MIL OSI – Source: New Zealand Government – Release/Statement
Headline: Major overhaul for IRD social policy payments
The Government is planning major changes to how IRD pays social support so that people can know better what their entitlements are and be sure of receiving the right amount, Finance Minister Steven Joyce and Revenue Minister Judith Collins say.
“The Working for Families system is very complex and has been since it was introduced,” Mr Joyce says. “More than 40 per cent of people receiving Working for Families are underpaid, while a quarter of all people get paid too much and end up owing money to Inland Revenue.”
“The old IRD system wasn’t designed to handle income support payments like Working for Families,” Ms Collins says. “Our new system will allow us to base payments on better information and allow IRD to be much more accurate and adaptable to families’ changing circumstances and incomes.”
The Government has released a new consultation document, Better administration of social policy, which goes through the proposed changes and how they will affect families.
“As well as lifting family incomes, this year’s Budget began the process of simplifying people’s taxes and entitlements so they can easily see what they should be receiving. These proposals are the next step in creating a more straightforward tax and transfer system which responds quickly and simply as people’s circumstances change,” Mr Joyce says. “It will provide a better system for hundreds of thousands of New Zealand families.”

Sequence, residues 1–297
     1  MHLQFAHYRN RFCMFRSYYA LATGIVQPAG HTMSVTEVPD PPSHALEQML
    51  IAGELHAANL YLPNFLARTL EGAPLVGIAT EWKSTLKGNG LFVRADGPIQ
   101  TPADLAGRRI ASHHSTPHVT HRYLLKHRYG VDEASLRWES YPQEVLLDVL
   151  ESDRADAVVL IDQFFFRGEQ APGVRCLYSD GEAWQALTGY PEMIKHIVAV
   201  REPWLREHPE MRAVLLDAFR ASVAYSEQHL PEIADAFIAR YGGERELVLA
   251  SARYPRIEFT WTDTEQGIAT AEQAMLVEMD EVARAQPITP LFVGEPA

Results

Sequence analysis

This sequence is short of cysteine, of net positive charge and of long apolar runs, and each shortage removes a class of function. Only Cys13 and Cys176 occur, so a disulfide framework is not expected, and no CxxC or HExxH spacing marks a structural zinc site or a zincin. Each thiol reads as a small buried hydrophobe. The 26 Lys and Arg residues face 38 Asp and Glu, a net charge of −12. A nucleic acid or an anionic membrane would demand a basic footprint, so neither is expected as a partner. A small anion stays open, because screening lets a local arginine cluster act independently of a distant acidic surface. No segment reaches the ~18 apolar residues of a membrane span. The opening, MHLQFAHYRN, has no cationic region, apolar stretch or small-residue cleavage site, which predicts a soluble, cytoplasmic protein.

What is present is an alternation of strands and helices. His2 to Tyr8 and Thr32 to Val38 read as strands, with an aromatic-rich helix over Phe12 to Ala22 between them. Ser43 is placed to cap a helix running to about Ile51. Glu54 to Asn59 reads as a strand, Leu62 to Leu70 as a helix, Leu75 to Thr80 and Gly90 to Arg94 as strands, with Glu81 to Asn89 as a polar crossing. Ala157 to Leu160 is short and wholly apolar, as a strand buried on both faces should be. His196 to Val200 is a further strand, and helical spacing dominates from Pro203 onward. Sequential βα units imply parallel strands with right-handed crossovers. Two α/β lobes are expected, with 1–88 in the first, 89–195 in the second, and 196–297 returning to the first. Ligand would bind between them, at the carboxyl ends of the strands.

Along with Working for Families changes, the Better administration of social policy consultation document also contains proposals for improving processes for child support and student loans.
“Child support payments will be automatically deducted from the wages or salary of all liable parents, and more comprehensive information about both parents’ incomes taken into account, including income from trusts. And if the receiving parent wishes, Child support payments could be passed on to them as soon as Inland Revenue had processed the payment,” Ms Collins says.
“We’re also proposing that a wider range of employment income would have student loan repayments deducted from New Zealand-based borrowers, reducing the chance of large end-of-year bills.”
Full details of the proposals are in the discussion document Better administration of social policy available at www.makingtaxsimpler.ird.govt.nz. Submissions close on 15 September 2017.